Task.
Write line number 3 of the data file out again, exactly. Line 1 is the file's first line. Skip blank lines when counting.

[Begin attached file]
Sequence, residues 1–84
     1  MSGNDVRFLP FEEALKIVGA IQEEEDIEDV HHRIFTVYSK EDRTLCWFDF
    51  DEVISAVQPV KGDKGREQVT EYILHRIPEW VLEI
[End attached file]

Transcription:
    51  DEVISAVQPV KGDKGREQVT EYILHRIPEW VLEI